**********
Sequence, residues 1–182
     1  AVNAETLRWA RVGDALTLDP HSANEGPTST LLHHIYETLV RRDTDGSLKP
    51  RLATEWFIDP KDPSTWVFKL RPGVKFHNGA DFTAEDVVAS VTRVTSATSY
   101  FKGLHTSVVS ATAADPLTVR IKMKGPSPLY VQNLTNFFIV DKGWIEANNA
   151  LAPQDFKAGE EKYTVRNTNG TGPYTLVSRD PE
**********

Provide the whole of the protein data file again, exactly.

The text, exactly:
Sequence, residues 1–182
     1  AVNAETLRWA RVGDALTLDP HSANEGPTST LLHHIYETLV RRDTDGSLKP
    51  RLATEWFIDP KDPSTWVFKL RPGVKFHNGA DFTAEDVVAS VTRVTSATSY
   101  FKGLHTSVVS ATAADPLTVR IKMKGPSPLY VQNLTNFFIV DKGWIEANNA
   151  LAPQDFKAGE EKYTVRNTNG TGPYTLVSRD PE